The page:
Dorenbos: "I like Doug. I was with Doug when Andy was there. People wonder why Nick Foles had success there. Well, Doug was a quarterback and Doug understands you only ask quarterbacks to do what they're good at. Don't put them in a position to not be successful. It's not so much what I think my scheme is, but what can my guy do and build the scheme around him.

"I love Doug and love his family. I was so happy he was able to win one as well. I thought it was so cool he was able to come back to Philly where he played and became a head coach and he's paid his dues too."

What was your favorite memory with the Eagles? 

Dorenbos: "It's an unfair question. You're taking about 11.5 years to play for an organization that long, so the answer is every day. The person that the organization helped me become as an adult, the things that they taught me about resiliency and perseverance and how to deal with pressure, it's so much. They were a huge part of my life."   

I thought the coolest story was when they handed you a Super Bowl ring (Dorenbos wasn't on the 2017 roster). That was the neatest thing the organization could ever do.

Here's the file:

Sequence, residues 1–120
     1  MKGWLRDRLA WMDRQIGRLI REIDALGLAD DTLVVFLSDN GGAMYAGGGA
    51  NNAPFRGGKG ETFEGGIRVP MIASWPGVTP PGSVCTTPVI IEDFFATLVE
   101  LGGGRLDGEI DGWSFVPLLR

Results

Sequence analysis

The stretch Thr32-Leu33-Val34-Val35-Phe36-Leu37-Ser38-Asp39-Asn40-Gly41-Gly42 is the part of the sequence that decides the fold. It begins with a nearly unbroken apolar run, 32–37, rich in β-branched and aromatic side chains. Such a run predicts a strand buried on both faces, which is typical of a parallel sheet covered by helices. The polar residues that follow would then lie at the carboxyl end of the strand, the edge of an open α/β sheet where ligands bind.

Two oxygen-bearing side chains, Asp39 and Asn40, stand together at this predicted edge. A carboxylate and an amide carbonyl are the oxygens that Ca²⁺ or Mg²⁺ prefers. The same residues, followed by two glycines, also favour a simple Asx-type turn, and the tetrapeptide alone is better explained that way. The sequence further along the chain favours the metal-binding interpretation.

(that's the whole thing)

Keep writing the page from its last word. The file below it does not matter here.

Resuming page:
Dorenbos: "When I first got to Philly, my goal was to be the oldest guy on the team. Obviously one of my goals was to win a Super Bowl, but what if we win it and I never play again? I wanted to play, so I figured if I was the oldest guy on the team, I gave myself the most opportunities to have success. The guy writing the check didn't want anyone around all those years. These's nobody else they wanted here for 162 straight games. That's a huge compliment, right? You're talking about a huge lifestyle and huge culture that you helped build.